14. March 2019

Peter Hamm

A Nonequilibrium Approach to Allosteric Communication

University of Zurich, Department of Chemistry / Zurich, Switzerland

With the term “allostery” one describes the coupling of two separated sites of a protein, where binding of a ligand at the so-called allosteric site changes the function of the protein at a remote active site. Allostery is one of the fundamental mechanisms of regulatory processes in life. The very question of how these two sites communicate with each other remains an intriguing and controversial problem, with the ultimate question of how an allosteric signal “propagates” through a protein. Transient IR spectroscopy provides the time resolution combined with the chemical selectivity necessary to study these nonequilibrium processes. In these experiments, an allosteric protein is light-trigger with the help of a photo-isomerizing azobenzene moiety, which is incorporated into the protein in a way that it mimics an allosteric process, and the response of the protein is recorded by transient IR spectroscopy. I will discuss a variety of protein systems that we have designed for that purpose, as well as ongoing experiments.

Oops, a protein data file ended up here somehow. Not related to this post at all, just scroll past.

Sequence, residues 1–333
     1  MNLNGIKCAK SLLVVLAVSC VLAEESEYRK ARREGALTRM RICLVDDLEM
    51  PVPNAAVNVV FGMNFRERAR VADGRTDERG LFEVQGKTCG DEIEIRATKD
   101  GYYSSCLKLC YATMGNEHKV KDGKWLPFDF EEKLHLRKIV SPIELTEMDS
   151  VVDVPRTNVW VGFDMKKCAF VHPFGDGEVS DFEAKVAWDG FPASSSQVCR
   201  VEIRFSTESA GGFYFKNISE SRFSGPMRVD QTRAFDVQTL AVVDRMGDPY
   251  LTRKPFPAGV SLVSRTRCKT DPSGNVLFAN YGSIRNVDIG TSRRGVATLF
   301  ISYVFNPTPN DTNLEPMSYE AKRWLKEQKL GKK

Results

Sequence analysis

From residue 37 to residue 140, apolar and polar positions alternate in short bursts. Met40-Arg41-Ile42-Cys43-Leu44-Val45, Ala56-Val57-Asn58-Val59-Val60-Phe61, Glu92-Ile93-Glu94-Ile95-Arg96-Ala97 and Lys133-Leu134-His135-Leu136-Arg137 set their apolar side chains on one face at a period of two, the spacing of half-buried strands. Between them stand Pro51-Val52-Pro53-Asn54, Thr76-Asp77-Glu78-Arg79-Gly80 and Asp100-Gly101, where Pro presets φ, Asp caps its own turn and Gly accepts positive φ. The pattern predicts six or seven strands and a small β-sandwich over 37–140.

Peter Hamm was born 6.4.1966 in Munich, were he also visited elementary and high school.
He studied physics at the Technical University of Munich, were he received his Diploma degree in 1991.
He carried out his PhD studies under Prof. Dr. W. Zinth at the Ludwig Maximilians University of Munich between 1991 and 1995.
After a short stay as post-doctoral fellow at the same place, he moved to the University of Pennsylvania, Philadelphia (Prof. R. M. Hochstrasser) with a research fellow ship granted by the ‘Deutsche Forschungsgemeinschaft’ (1996-1998).
In 1999, he was appointed as an independent group leader at the Max Born Institute, Berlin. In 2001, he moved to University of Z├╝rich as Associate Professor at the Physical Chemistry Institute, and was promoted to Full Professor in 2007.


(Source: https://www.chem.uzh.ch/en/research/groups/hamm/curriculumVitae.html)

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